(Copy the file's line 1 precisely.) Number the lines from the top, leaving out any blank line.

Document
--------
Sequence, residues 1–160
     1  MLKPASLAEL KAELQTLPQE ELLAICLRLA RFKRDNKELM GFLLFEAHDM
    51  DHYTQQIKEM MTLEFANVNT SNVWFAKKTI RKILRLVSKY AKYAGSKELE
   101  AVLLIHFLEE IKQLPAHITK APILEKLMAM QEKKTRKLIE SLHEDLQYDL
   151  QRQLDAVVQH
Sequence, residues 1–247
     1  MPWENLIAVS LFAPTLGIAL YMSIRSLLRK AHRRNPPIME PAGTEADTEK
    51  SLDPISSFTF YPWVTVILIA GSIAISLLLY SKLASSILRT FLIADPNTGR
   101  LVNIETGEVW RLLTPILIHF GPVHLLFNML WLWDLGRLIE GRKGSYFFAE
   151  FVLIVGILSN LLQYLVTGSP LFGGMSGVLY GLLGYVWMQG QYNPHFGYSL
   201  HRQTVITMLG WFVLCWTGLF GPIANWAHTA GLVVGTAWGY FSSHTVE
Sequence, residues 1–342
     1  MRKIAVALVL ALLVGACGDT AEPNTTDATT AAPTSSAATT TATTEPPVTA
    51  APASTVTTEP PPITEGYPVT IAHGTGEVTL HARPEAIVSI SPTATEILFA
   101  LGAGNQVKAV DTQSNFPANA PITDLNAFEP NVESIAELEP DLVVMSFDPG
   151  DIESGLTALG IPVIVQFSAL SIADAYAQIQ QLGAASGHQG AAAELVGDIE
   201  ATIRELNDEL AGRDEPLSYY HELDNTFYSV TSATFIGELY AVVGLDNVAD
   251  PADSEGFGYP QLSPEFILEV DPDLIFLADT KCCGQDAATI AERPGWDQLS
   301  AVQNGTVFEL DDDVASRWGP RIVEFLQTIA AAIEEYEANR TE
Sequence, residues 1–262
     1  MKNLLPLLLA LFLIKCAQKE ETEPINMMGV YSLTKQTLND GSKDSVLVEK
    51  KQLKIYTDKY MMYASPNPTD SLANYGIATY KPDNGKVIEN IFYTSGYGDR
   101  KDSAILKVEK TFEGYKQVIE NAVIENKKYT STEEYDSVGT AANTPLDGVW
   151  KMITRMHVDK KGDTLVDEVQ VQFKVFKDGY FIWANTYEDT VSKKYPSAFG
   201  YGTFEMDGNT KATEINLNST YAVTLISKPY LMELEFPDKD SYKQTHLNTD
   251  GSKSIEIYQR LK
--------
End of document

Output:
Sequence, residues 1–160